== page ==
Will the Haiti students save their country? After days of gunfights in early November, Haitian police officers emerged triumphant :

They had finally liberated the nation's biggest port from the gangs that had taken it over for two months.

But when officers returned to the shantytown that surrounds the port just days later, they still did not feel safe enough to even leave their armored truck.

The officers anxiously scanned rows of rusty shacks for hidden gunmen, too wary of the danger outside to open the doors.

The upshot was clear : The police keep trying to fight back, but gangs still run much of Haiti.

The assassination of Haiti's president last year set off a wave of terror across the Caribbean nation. But conditions have plunged to horrifying new lows in recent months, as gangs carried out such extreme violence that the carnage has been compared to civil war.

NOW, fearing that the humanitarian crisis engulfing Haiti could spur mass migration to the United States and elsewhere, some top Biden administration officials are pushing to send a multinational armed force to the country, several current and former officials say, after the Haitian government made an appeal for such an intervention recently.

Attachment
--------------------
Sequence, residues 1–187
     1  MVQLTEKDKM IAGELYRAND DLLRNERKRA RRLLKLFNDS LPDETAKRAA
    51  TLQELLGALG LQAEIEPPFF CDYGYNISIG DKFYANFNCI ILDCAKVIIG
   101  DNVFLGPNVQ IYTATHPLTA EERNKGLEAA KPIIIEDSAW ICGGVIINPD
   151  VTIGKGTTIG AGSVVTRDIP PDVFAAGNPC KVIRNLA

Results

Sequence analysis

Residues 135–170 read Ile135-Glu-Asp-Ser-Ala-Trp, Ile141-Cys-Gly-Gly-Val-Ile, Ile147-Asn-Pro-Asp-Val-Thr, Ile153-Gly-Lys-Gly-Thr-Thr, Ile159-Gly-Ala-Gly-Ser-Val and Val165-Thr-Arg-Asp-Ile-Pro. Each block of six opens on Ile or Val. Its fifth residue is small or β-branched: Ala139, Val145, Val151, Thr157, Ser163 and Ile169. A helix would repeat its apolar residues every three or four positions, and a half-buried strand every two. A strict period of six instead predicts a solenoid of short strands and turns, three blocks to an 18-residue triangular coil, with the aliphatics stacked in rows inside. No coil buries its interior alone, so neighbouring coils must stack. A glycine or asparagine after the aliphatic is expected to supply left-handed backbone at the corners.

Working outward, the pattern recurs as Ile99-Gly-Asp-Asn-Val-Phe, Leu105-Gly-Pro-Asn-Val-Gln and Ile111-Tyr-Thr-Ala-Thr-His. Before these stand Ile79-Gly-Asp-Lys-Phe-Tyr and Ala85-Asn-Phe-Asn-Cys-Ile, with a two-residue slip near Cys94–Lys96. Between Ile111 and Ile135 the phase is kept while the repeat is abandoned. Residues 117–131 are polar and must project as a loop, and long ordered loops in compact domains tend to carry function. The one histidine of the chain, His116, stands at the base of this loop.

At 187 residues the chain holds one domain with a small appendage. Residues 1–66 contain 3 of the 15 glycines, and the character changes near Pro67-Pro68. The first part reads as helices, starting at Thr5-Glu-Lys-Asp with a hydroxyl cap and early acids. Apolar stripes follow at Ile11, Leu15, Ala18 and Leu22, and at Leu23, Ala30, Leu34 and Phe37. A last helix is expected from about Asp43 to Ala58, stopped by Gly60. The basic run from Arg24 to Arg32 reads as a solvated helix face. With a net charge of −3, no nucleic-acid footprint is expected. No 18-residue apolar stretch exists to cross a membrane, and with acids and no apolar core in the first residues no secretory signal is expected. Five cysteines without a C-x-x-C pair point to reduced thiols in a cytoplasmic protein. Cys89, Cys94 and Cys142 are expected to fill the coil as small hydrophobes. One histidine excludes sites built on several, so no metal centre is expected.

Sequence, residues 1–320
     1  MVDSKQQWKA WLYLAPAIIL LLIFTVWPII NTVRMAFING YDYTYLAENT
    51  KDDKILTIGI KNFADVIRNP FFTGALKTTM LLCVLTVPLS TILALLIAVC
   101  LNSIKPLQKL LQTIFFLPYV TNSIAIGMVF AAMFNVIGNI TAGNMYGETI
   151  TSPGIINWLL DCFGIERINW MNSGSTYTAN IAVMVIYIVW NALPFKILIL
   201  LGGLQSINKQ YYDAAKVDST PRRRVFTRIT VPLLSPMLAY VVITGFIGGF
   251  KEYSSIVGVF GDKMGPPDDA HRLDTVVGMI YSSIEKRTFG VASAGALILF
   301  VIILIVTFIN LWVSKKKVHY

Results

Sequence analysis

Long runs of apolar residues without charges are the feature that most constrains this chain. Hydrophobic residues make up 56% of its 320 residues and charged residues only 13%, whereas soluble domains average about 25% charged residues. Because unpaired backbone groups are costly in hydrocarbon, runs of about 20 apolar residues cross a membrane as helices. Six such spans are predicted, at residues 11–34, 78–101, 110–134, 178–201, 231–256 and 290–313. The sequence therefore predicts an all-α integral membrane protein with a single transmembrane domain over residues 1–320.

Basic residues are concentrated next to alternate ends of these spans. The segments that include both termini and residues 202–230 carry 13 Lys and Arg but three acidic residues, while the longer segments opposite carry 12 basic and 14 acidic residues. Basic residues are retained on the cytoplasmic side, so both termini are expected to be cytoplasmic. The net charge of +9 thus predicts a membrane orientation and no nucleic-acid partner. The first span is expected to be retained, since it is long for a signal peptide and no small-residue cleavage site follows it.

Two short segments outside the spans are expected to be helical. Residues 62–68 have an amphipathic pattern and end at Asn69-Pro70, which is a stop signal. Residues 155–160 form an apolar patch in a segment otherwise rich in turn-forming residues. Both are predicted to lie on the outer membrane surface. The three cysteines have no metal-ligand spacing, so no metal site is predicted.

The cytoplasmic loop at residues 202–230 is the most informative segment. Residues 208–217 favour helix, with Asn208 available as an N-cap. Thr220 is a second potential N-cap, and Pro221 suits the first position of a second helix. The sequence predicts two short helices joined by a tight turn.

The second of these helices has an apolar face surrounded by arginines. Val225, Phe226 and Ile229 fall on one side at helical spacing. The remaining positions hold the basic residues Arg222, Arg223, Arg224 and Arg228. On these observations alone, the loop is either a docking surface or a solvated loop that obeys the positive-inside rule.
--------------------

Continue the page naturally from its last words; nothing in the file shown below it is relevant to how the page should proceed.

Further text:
But the United States doesn't want its own troops included in that force, even though officials fear that the tumult in Haiti could send an even bigger wave of migrants to American shores.

Already, the number of Haitian migrants intercepted by the U.S. Coast Guard has increased more than fourfold since last year, with many setting sail in overcrowded boats known to capsize in rough waters.

''That has always been the U.S. government's biggest Haitian nightmare, a mass migration event,'' said Daniel Foote, who served as the U.S. special envoy to Haiti for part of last year.

''It's already upon us; the next step becomes biblical, with people falling off anything that can float. We aren't that far away from that.''

Haiti's government took the extreme step of requesting foreign armed intervention to curb the unrest subsuming the nation. 

It was an explicit acknowledgment of how desperate the instability has become, in a country that remains deeply resentful of past foreign intervention.

WHILE United Nations peacekeepers were last stationed in Haiti in 2010, they brought cholera to the country, scientists say, causing one of the worst outbreaks in modern times.

Nearly 10,000 Haitians died, and respect for the United Nations in Haiti was ''forever destroyed,'' Ban Ki-moon, the U.N. secretary general at the time, later wrote.

The World Students Society thanks author Natalie Kitroeff.


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